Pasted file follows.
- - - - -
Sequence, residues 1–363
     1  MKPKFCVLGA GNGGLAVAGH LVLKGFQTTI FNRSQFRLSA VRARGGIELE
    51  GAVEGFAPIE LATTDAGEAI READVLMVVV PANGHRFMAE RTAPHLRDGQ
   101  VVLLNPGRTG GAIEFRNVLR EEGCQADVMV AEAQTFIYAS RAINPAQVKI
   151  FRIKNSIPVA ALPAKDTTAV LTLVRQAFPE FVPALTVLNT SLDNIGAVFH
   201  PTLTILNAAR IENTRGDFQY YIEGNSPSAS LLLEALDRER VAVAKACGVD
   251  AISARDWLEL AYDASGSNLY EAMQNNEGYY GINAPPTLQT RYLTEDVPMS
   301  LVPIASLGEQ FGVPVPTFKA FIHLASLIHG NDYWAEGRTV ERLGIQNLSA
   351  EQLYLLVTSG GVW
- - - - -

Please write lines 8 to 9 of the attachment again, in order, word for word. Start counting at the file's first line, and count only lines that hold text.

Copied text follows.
   301  LVPIASLGEQ FGVPVPTFKA FIHLASLIHG NDYWAEGRTV ERLGIQNLSA
   351  EQLYLLVTSG GVW